Bonus section for die-hard fans (Spoiler Alert)

The Fault in Our Stars fans, wait up — we're not done yet! If you've already read the book, this section is just for you. You can take this to the cinema with you as a little check-list of differences between the book and movie to look out for, in chronological order.

1. When Hazel and Augustus first met, he wasn't staring at her in the room the cancer support group took place. Instead, he bumped into her in the lobby of the church just before she attended the support group session.

2. In the book, Hazel and Augustus are stopped from going to the basement to watch a movie by Augustus' parents, who insist that they watch it in the living room. In the movie, they just head straight down to the basement and watch the movie there.

3. Augustus tells Hazel that he's a virgin while they're walking in the park together instead of over the phone, and he drew the Venn diagram for her instead of asking her to draw it.

4. The Lonely, Vaguely Pedophilic Swing Set that Seeks the Butts of Children from the book makes an appearance in the film but Hazel and Augustus did not put it up for sale online unlike what they did in the book.

5. Hazel doesn't visit Isaac after his eye surgery in the movie but she did in the book. I'm slightly disappointed by the lack of Isaac appearances in the film, to be honest.

6. In the book, Hazel and her mum drive over to Augustus' house to pick him up on the way to the airport, only to find him screaming at his parents. In the film, Augustus picks Hazel and her mum up in style in a limousine with an unlit cigarette in his mouth.

7. Hazel screams the F-word at Peter Van Houten while leaving his house in Amsterdam in the movie. In the book, Hazel never says the F-word.

8. "I'm in love with you": Augustus professes his love for Hazel at the fancy restaurant in Amsterdam instead of on the plane to Amsterdam.

9. Augustus tells Hazel about the return of his cancer on a park bench in Amsterdam and not in Hazel's hotel room. And they make out afterwards.

10. The scene where Augustus pissed his bed was not in the movie, which was unfortunate because that was the scene that really showed how vulnerable and weak Augustus had become since his cancer spread.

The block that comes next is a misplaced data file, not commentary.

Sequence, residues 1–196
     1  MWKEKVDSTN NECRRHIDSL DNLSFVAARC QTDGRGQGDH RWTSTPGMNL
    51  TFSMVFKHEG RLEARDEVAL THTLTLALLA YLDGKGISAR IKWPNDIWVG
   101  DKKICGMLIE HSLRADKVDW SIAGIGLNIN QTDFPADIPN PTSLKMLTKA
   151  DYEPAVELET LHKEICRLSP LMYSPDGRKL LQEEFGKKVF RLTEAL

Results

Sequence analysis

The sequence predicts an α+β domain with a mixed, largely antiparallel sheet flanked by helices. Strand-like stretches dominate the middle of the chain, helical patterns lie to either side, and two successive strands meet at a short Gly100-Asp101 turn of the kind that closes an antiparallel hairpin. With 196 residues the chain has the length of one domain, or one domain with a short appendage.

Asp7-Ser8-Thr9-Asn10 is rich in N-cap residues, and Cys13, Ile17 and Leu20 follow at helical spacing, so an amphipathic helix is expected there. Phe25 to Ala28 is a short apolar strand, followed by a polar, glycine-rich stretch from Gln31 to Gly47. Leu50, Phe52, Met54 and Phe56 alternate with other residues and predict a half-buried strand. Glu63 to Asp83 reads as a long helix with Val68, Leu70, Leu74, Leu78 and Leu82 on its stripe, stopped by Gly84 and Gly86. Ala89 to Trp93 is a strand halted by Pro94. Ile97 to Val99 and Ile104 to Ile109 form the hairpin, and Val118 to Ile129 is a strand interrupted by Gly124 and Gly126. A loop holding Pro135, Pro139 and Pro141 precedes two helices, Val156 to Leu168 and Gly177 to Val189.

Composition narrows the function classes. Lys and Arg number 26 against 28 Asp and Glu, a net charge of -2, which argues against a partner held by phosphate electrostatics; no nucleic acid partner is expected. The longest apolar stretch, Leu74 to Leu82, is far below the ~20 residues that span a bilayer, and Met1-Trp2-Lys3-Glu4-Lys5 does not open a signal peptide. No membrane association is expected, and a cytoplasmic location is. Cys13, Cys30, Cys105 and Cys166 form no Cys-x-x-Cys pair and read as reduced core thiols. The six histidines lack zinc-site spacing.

11. Movie: "Hazel Grace, do you happen to have five dollars?" Book: "Hazel Grace, do you have four dollars?" Inflation, perhaps? I mean, the book was published in 2012 and the movie was filmed in 2013...

12. During the scene where Hazel, Augustus and Isaac egged Monica's car, Augustus jokes about Isaac's blindness, saying that it's always dark to Isaac. Isaac takes offense to this statement. In the book, this joke never happens.

13. Apart from his parents, Augustus' family doesn't exist in the movie.

14. Hazel did not remove her oxygen tube to have some alone time with Augustus' dead body at the funeral. In fact, his coffin was left closed during his funeral in the movie and all she did was place a pack of cigarettes on his coffin.

15. After Augustus' death, Hazel doesn't go to Augustus' house and climb into his unmade bed (which she did in the book). Not much happens after his death, really.

16. Speaking of the email, the movie saved Hazel the trouble of finding it and instead, Peter Van Houten passed it to her when he crawled into her car right after Augustus' funeral.

17. Peter Van Houten never explains about his daughter, which makes me feel bad for him because people who didn't read the book would think of him as a villain instead of just a victimised man who takes his anger out on everyone around him.

18. Isaac doesn't complain about being blind at all in the movie.

19. Hazel and Augustus do not correspond with Peter Van Houten via email as much as they did in the book.

20. Kaitlyn, Hazel's best friend from the book, does not appear and is not mentioned in the movie at all.

21. In the film, Augustus never brings up Caroline Mathers, his ex-girlfriend who passed away of cancer in the book.

22. Augustus never says the line "You used to call me Augustus", which I feel was a pivotal moment in the book which showed that his cancer did not bring them closer but instead, caused them to drift apart.

Of course, there are many more differences between the book and the movie — if you know of any more, feel free to leave some in the comments below! We would love to hear from you.

P/S: Augustus is still a terrible driver in the movie.

Photo credits: Twentieth Century Fox